An old friend of mine – Tim Garoutte – asked me recently about a story I once told regarding an encounter that a football teammate of mine had had with a professional wrestler named Bobby Eaton. It took me a while to scratch this particular tale up from the memory banks (probably because Tim did not use the full and correct name of the wrestler, that being, of course, BEAUTIFUL Bobby Eaton). But it finally came to me anyway, and I recalled the occasion in question when a 6’-5, 275-lb starting right tackle for the Tennessee Tech Golden Eagles took a seriously misguided step one winter night and whacked ½ of the Southern Tag Team Champion Midnight Express, the Beautiful One himself, in the back of the head from his second row seat. My muscle bound buddy learned that wrestlers, when touched in such a manner, are apparently released from all restraints that would prevent the pummeling of said offender. When security finally separated Eaton from our tackle, who by this time was on his back in the fifth row, and escorted our humbled Golden Eagle from the arena, Beautiful Bobby leaped into the ring and stood in the spotlight, basking in his villainy, to an equal mixture of boos and cheers from the 5,000 or so in attendance that night in Cookeville. What a glorious night of wrestling!
As I laughed upon this extracted gem of a tale from years ago, I realized something. Maybe my “inner redneck” is not so “inner” after all. If truly pressed, would I not be forced to admit that many of my fondest memories are intertwined with the ridiculous sport/event/spectacle that is professional wrestling?
Just last week, I read in Rick Bragg’s column on the back pages of Southern Living magazine where he said that, in his boyhood, television with only the two or three channels available was much better than today. Now, what 40-something alive in America would not agree with that? Well, I sure do. But then Bragg went too far. He had the audacity to add a throw-away statement at the end of his paragraph that basically said that ‘his day’ was a day when “the worst thing on television was professional wrestling.” I was taken aback. My heart sank just a little bit. “The worst thing”? Had Bragg never seen “Let’s Make a Deal”?
When I was a boy of 14, my brother and I visited our big-city Georgia cousins in the Atlanta suburb of Marietta. Of course, all cultured boys of our age in rural Mississippi in 1978 knew an important fact about Marietta, Georgia, and we were surprised, shocked in fact, to learn that it was something that our Marietta cousins didn’t know. It was common knowledge, we thought, that the very best in rasslin’ could always be found in the famous Marietta Civic Center. We rushed to check the paper and found that, sure enough, on the very Saturday afternoon we were in town, Tommy “Wildfire” Rich, Dusty Rhodes, Bullet Bob Armstrong and Chief Wahoo McDaniel all would be making an appearance within 2 or 3 miles of where we stood. If that didn’t make a kid envious of big-city living, nothing would. The Civic Center was at least half full (which strangely came as a surprise to our Georgia relatives), and right away we got a taste of what we had come for. It seems Tommy Rich’s head had been shaved on one side by Arn Anderson months before, live on TBS, and somehow miraculously it was still in EXACTLY the same condition when he reached the ring on this Saturday. And he was still just as mad about it as he was the day Anderson applied the clippers in the first place. A titanic battle ensued, followed by another, and another. We even hung around outside the Civic Center after the matches ended to watch the rowdiest of rowdy fans throw wadded-up paper cups at the Outlaw Don Bass, who flipped us off before ducking into his car. “The worst thing on television”? Really, Mr. Bragg?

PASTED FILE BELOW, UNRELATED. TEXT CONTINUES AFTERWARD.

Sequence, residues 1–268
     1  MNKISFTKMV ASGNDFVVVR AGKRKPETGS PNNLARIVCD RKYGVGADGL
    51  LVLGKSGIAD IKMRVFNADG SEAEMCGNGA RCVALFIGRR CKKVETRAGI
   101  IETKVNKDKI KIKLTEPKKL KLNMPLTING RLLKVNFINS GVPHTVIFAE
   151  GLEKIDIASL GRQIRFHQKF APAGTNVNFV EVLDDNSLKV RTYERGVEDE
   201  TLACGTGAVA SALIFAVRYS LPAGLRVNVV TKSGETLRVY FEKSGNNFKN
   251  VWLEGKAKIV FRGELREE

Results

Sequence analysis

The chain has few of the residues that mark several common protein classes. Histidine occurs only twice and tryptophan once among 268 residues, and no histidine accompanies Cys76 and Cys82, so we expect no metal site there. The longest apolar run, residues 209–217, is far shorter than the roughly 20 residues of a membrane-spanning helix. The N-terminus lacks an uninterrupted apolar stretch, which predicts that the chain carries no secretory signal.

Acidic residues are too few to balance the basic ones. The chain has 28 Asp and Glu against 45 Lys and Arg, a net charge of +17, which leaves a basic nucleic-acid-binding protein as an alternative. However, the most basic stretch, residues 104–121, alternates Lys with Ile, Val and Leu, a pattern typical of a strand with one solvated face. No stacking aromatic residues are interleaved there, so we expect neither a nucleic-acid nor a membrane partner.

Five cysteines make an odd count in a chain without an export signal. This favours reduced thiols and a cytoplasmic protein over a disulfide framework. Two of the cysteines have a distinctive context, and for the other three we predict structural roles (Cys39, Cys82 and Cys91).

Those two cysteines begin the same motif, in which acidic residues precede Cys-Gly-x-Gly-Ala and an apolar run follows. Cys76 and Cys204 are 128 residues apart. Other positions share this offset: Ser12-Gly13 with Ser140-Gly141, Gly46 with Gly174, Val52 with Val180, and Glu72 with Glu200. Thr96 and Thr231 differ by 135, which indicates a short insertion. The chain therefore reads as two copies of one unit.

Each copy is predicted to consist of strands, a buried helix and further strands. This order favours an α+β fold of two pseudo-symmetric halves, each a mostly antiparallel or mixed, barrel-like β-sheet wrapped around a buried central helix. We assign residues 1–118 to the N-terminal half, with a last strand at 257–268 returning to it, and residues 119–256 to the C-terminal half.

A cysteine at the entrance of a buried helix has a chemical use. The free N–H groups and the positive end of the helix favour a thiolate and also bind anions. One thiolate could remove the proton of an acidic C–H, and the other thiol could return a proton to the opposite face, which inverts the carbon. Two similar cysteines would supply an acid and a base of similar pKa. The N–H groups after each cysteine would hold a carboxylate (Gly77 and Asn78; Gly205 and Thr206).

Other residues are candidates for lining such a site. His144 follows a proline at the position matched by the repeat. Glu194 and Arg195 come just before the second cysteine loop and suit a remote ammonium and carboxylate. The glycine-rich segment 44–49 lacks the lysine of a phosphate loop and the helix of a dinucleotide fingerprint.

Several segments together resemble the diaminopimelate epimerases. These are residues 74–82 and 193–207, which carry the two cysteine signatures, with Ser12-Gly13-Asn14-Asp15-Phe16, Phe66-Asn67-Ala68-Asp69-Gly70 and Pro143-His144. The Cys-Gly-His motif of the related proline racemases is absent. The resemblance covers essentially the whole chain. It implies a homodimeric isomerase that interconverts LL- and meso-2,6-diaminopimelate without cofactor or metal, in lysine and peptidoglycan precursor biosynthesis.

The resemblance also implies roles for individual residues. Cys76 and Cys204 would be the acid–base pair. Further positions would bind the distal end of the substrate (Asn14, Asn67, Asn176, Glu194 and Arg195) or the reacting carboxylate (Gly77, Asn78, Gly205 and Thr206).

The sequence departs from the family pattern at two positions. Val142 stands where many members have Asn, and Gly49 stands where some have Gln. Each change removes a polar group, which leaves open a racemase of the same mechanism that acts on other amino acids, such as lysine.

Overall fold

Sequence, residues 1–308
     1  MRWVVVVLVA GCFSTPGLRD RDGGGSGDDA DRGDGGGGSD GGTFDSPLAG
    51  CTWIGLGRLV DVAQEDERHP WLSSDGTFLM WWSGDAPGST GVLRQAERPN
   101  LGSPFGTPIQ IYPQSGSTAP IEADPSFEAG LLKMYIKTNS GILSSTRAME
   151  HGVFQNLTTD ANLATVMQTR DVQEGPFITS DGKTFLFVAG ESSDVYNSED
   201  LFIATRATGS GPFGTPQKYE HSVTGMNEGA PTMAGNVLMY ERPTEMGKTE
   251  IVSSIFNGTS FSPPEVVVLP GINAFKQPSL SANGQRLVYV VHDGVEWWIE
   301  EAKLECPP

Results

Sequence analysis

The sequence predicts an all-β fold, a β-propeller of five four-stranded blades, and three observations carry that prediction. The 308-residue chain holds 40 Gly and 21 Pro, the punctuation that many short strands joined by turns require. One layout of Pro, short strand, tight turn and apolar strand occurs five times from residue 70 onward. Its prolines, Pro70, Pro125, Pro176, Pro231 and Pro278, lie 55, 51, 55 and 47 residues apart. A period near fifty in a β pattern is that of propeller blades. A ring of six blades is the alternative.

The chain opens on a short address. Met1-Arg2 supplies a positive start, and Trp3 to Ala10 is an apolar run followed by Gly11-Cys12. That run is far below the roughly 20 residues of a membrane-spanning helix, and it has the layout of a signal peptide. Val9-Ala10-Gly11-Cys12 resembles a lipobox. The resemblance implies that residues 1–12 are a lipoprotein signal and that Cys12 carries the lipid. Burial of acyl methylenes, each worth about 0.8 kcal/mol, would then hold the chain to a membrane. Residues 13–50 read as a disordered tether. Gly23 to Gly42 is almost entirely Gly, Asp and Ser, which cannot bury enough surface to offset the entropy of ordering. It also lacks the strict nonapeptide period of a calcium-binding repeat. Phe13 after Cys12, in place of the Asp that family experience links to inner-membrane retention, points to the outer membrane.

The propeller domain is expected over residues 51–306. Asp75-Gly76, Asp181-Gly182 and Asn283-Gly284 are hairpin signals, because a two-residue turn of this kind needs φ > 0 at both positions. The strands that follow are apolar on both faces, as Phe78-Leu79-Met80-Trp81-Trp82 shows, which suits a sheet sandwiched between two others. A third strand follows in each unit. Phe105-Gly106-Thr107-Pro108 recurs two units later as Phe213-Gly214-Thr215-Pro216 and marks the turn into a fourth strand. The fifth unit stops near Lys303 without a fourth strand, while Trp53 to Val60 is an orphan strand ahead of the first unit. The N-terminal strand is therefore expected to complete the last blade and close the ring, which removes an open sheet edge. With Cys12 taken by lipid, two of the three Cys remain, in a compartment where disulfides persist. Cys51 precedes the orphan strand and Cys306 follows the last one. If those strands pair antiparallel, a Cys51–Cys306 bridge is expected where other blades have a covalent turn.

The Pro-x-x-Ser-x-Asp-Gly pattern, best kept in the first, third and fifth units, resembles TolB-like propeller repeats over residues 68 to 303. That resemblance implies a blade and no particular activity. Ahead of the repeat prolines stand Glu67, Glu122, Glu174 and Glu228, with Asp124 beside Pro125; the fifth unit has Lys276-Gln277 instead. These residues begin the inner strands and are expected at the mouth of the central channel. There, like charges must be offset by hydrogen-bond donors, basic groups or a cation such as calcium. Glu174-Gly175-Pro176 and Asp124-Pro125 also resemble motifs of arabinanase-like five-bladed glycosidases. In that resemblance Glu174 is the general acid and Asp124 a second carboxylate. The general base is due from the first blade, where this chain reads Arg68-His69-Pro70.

I think now of holding a young cousin up on my shoulders for an autograph from Jerry “The King” Lawler at Northeast Community College in 1985; of watching a short, fat, 60-year-old Tojo Yamamoto chest-chop 6’-8 opponents to the mat on Channel 5 every Saturday in the 70’s with Tojo’s biggest fan, my short, fat, 60 year-old grandfather; of my dad’s encounter with Plowboy Frazier over the last piece of fried catfish on the Freshtastiks Food Bar at the Tupelo Bonanza; of taking a date for a romantic evening in the green building south of Main in Tupelo to see Kimala the Ugandan Giant take on Superstar Bill Dundee in 1981; and of finally having to turn off Wrestlemania XV when my six year-old Reggie elbow dropped on me from the back of the couch as his older brothers tried to apply figure-four leg-locks on each other in the middle of the living room floor.
Tojo and Papa have been gone a long time now, and yeah, I know that Kimala was really from Senatobia, not Uganda. And the truth is – Plowboy actually got that last piece of fish without much resistance from Dad, even though he would still tell you different.
But, the worst thing on television? Really, Mr. Bragg? “Well, beauty is in the eye of the beholder, Banana Nose!” At least that’s what “Beautiful” Bobby Eaton would say.
And my friend Tim wondered if I had enough material to do a whole story on wrestling. Tim, Tim, Tim. “2 minutes gone, 58 minutes to wrestle.”